At this time of year I get so anxious for spring to arrive. The first few weeks of April are a special kind of torture for New Englanders. One moment it’s 70° and sunny and I’m sure that it’s time to plant the tomatoes, and the next day I’m wearing three layers while trodding through the rain. Every year I find myself scrolling back through my Instagram feed trying to find the moment when spring arrived. When did the apple trees bloom? When did the crocuses pop? It had to be earlier last year, didn’t it?
Slowly but surely, it’s coming. We had a weekend with a hint of sunburn, a beer on the porch in the afternoon, and a promise of more warm days to come. The peas have sprouted and we check on them three times a day, the only denizens of our garden so far. The trees are in that tentative green stage, and I find myself looking up every 10 minutes, as if they may somehow magically burst into blossom over the course of an afternoon. But that’s how it feels when it finally happens, isn’t it? One morning the gray branches and bare against the spring blue sky, practically bursting with anticipation, and the next somehow everything is green and lush.
But all this is the essence of spring, is it not? The uncertainty, the anticipation, the oscillation between summer and winter. So, thank you, spring, for showing up. For teasing us with sunshine and letting us plunge our hands into the soil. For the first signs of green and even for the cool nip in the wind. I promise to enjoy every moment of you, the most fleeting of seasons. I’ll enjoy the rainy days with fat raindrops pounding against the roof. I’ll enjoy every blossom you toss our way – first, the purple and yellow crocus tips, then the showy magnolia blooms, the showers of pink apple blossoms and the regal irises.
Because every season needs at least one or two go-to pasta recipes, I’ve been developing spring pastas. I’m trying to build a collection for each season, like this Creamy Mushroom Pasta and this Heirloom Tomato Spaghetti. And now, my latest for spring – Goat Cheese Stuffed Shells with Spring Vegetables. They have all the usual spring suspects – peas, asparagus, goat cheese, lemon – tucked inside thick pasta shells. The filling also includes ricotta, mozzarella, and chopped spinach. So much cheese! So many vegetables! The finishing touch is a quick bechamel sauce and just a little bit more cheese before baking.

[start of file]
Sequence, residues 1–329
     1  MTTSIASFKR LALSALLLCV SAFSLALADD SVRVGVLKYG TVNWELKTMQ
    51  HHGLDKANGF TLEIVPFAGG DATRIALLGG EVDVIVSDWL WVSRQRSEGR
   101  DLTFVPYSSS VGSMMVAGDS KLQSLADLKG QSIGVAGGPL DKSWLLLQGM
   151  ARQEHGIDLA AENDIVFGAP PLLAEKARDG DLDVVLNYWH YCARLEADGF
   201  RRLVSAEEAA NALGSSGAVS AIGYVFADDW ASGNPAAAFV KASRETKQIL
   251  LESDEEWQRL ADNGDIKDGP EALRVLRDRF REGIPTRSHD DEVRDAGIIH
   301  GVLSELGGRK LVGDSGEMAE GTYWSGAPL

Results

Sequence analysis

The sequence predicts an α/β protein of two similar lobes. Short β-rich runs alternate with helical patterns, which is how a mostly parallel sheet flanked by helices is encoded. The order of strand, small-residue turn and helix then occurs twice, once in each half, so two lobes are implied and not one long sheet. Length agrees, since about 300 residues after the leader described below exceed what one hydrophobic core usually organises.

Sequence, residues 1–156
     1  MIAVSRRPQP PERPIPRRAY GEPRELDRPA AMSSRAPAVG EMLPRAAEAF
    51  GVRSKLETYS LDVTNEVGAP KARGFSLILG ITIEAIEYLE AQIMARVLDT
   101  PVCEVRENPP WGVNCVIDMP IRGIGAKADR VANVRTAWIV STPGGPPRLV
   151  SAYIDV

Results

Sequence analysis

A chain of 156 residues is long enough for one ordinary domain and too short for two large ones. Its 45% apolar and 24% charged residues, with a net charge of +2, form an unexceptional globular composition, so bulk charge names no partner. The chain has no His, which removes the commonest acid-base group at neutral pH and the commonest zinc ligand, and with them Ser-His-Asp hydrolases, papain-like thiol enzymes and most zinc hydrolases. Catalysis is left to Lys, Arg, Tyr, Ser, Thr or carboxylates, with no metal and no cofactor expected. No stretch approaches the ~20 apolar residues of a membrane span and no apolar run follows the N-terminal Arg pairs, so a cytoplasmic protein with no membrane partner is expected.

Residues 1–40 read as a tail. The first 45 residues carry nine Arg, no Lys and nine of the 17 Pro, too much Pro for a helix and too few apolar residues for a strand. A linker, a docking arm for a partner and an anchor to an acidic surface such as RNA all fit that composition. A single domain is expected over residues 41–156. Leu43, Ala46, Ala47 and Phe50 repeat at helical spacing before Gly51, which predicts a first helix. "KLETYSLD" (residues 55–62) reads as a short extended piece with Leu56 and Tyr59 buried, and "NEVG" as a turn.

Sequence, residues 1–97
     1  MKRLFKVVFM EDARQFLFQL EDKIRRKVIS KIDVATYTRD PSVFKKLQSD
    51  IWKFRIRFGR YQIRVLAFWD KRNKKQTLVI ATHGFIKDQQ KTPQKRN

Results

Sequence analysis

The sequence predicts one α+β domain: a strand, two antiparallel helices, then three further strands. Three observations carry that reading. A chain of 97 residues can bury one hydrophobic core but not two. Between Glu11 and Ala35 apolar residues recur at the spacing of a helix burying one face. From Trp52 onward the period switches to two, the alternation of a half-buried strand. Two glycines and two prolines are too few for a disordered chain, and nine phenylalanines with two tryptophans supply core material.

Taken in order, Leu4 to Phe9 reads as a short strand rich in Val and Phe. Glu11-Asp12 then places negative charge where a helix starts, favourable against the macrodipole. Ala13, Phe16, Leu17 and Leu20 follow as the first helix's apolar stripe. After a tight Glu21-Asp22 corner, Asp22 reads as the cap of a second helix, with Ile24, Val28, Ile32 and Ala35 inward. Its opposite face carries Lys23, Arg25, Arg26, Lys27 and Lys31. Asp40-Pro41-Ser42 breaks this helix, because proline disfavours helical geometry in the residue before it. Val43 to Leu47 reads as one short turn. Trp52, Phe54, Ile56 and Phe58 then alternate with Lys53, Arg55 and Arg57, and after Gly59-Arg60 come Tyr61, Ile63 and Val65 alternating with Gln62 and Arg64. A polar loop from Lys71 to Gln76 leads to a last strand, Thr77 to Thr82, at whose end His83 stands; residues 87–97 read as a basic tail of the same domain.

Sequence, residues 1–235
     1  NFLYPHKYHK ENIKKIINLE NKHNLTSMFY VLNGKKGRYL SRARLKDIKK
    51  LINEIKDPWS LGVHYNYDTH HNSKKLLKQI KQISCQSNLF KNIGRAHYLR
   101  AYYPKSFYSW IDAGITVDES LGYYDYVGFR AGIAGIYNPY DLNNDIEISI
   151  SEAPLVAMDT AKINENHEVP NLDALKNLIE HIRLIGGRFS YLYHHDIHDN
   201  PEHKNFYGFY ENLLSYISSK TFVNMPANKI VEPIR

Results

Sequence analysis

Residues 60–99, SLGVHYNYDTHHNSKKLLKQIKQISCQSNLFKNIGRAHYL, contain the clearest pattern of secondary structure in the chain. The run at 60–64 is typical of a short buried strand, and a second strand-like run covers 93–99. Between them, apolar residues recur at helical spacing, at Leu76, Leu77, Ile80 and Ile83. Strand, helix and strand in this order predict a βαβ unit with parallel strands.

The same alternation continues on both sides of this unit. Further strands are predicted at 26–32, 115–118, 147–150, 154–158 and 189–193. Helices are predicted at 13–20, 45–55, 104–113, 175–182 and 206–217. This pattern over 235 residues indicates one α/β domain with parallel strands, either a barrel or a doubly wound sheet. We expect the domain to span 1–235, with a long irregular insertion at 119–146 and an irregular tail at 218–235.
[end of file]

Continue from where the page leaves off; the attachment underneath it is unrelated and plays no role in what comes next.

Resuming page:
A word of warning: these contain an almost lethal amount of cheese, as you might have guessed from the above. Pace yourself and remember that this batch should serve 8-10 people! Four or five shells is a good serving size, and it’s easy to wolf them down. Serve alongside a salad or some bright steamed asparagus for balance.
Goat Cheese Stuffed Shells with Peas and Asparagus
A Katie at the Kitchen Door original recipes. Serves 8-10.
- One 12-oz. box of jumbo pasta shells
- 6 oz. soft goat cheese
- 1 lb. ricotta cheese
- 8 oz. mozzarella cheese, grated and divided
- 1 egg
- 1 cup (6 oz.) frozen spinach
- 2 cups frozen peas
- 1 lb. asparagus, ends trimmed
- 1/2 tsp freshly ground black pepper
- zest of 1 lemon
- 3 TBS butter
- 3 TBS flour
- 2 1/2 cups milk, warmed in the microwave
- sea salt
- Bring a large pot of salted water to a boil. Add the pasta shells and cook for the amount of time specified on the packages. Err on the side of undercooking the pasta just a little bit – if you overcook the shells they are more likely to fall apart when stuffing. Drain the shells and set aside.
- In a large bowl, beat the goat cheese until smooth and creamy. Add the ricotta cheese and 6 oz of the mozzarella cheese and stir to combine. Reserve the remaining mozzarella cheese for topping the shells. Add the egg to the cheese mixture and beat slightly, stirring to combine evenly with the cheeses.
- Add the frozen spinach to a microwaveable bowl with a little bit of water. Microwave until fully thawed, about 90 seconds to 2 minutes. Use a spoon to press any excess liquid out of the spinach, draining the liquid out of the bowl. When the spinach is dry, add to the bowl with the cheeses and stir to combine. Now add the peas to the microwaveable bowl with a little water and microwave for 60-90 seconds to defrost the peas. Drain the liquid from the bowl and add the peas to the spinach and cheese mixture, stirring to combine.
- Bring a large pot of salted water to a simmer. When simmering, add the asparagus and blanch until bright green, about 90 seconds. Drain immediately and rinse the asparagus under cold running water to stop the cooking. Cut the asparagus into small pieces, about 1/4 inch to 1/2 inch long, and add to the cheese filling. Add the lemon zest and black pepper, stir to combine, and set aside.
- To prepare the bechamel sauce, melt the butter over medium-low heat. Add the flour and stir into the butter. Cook the flour and butter, stirring constantly, until fragrant and just beginning to color, about 2 minutes. Slowly pour in the warm milk, stirring as you do to incorporate the milk into the roux. Cook the bechamel, stirring the whole time, until it has thickened enough to coat the back of the spoon but still runs freely when lifted. This should only take 2-3 minutes. Remove from the heat and season to taste with sea salt.
- Preheat the oven to 350°F. Spread a little bit of the bechamel sauce on the bottom of a 9×13 inch casserole dish (to help keep the shells in place as you fill them). Working one at a time, spoon the cheese and vegetable mixture inside the pasta shells, using about 1 1/2 to 2 tablespoons of filling per shell. As you stuff them, line the shells up on the casserole dish in a single layer. Pour the bechamel sauce over the top of the shells, then sprinkle the reserved grated mozzarella over the top. Bake for 30 minutes, until cheese is golden brown and bubbly. Serve warm.